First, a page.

Immigration has been a primary force shaping demographic developments in the two Germanys in the postwar period (see Historical Background, this ch.). After the erection of the Berlin Wall in 1961, the immigration flow, first into West Germany and lat
er into united Germany, consisted mainly of workers from southern Europe. In addition, the immigrants included several other groups: a small but steady stream of East German immigrants (Übersiedler
) during the 1980s that exploded in size in 1990 (389,000) but by 1993 had fallen by more than half (172,000) and was somewhat offset by movement from west to east (119,000); several million ethnic Germans (Aussiedler
) from East European countries, especially the former Soviet Union; and several million persons seeking asylum from political oppression, most of whom were from East European countries.
As of early 1994, approximately 6.8 million registered foreigners resided in Germany. Turks made up the largest group (1.9 million), followed by immigrants from the former Yugoslavia (930,000), Italians (565,000), Greeks (350,000), Poles (260,000), an
d Austrians (185,000). About 25 percent of these foreign residents, most of whom were born in Germany, are under the age of eighteen. Because of the higher birth rate of foreigners, one of every ten births in Germany is to a foreigner. However, because re
cruiting of Gastarbeiter
stopped in 1973 at the onset of a worldwide recession, most foreign workers are middle-aged and have lived in Germany for several decades.
The foreign population is not distributed evenly. More than two-thirds live in the Länder
of North Rhine-Westphalia, Baden-Württemberg, and Bavaria, where in 1990 they made up 9, 10, and 7 percent of the population, respectively. Foreigners live mainly in urban areas; in 1989 approximately 23 percent of foreign residents lived in Hamburg and
Berlin. Foreigners often live in particular areas of large cities. (For example, Kreuzberg in Berlin and Kalk in Cologne both have large Turkish communities.) There are few foreigners in the new Länder
. Of the roughly 190,000 foreigners living in the former GDR in 1989 because of work contracts, many have since been repatriated to Vietnam, Mozambique, Cuba, and other developing countries that were friendly to the GDR regime.
Foreigners began arriving in West Germany in large numbers in the 1960s after the construction of the Berlin Wall ended migration from East Germany. Recruited mainly from a number of countries in southern Europe, Gastarbeiter
were not expected to stay beyond the terms of their work permits. However, many opted to remain in West Germany and subsequently brought their families there to live. As a result, and owing to higher birth rates, the foreign population in Germany has inc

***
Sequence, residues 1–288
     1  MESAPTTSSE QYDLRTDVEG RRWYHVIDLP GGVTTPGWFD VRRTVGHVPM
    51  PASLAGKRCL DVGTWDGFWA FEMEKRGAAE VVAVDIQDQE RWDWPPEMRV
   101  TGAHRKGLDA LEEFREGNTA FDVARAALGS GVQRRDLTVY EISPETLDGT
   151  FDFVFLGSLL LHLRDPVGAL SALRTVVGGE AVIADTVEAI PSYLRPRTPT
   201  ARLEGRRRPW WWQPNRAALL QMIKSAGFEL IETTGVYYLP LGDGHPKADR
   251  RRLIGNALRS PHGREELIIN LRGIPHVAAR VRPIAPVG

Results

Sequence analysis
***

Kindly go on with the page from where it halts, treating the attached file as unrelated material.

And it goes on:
reased substantially (see table 9, Appendix). By offering financial incentives, West German authorities hoped to encourage some Gastarbeiter
to return to their native countries, but relatively few took advantage of these provisions. A tightening of entry restrictions also caused many to remain in Germany rather than risk not being readmitted after spending time in their home country.
Although no longer recruited abroad, Germany's foreign residents remain vital to the economy, parts of which would shut down if they were to depart. They also contribute to the country's welfare and social insurance programs by paying twice as much in
taxes and insurance premiums as they receive in benefits. In the long term, their presence may be seen as vital because they have a positive birth rate. The birth rate among native Germans is so low that some studies have estimated that Germany will requ
ire approximately 200,000 immigrants a year to maintain its population into the next century and support its array of social welfare benefits.
Most Germans do not see their country as a land of immigration like the United States or Canada, and no demographic or social issue has generated greater controversy than the presence of foreigners in the Federal Republic. In an opinion poll taken in
1982, two-thirds of West Germans said that there were too many foreigners in Germany, and one-half thought that foreigners should be sent back to their countries of origin. In 1992 another poll found that the "foreigner problem" ranked as the most serious
issue for western Germans and was third in importance for eastern Germans.
According to the foreigners law that went into effect in mid-1993, foreigners living in Germany for fifteen years may become German citizens if they have no criminal record and renounce their original citizenship. Young foreigners who have resided eig
ht years in Germany may become citizens if they have attended German schools for six years and apply for citizenship between the ages of sixteen and twenty-three. Usually, however, German citizenship depends not on where one is born (ius solis
) but on the nationality of the father or, since 1974, on the mother (ius sanguinis
). Thus, to many, German citizenship depends on being born German and cannot rightfully be acquired through a legal process. This notion makes it practically impossible for naturalized citizens or their children to be considered German. Some reformers adv
ocate eliminating the concept of German blood in the 1913 law regulating citizenship, but the issue is an emotional one, and such a change has little popular support.
Data as of August 1995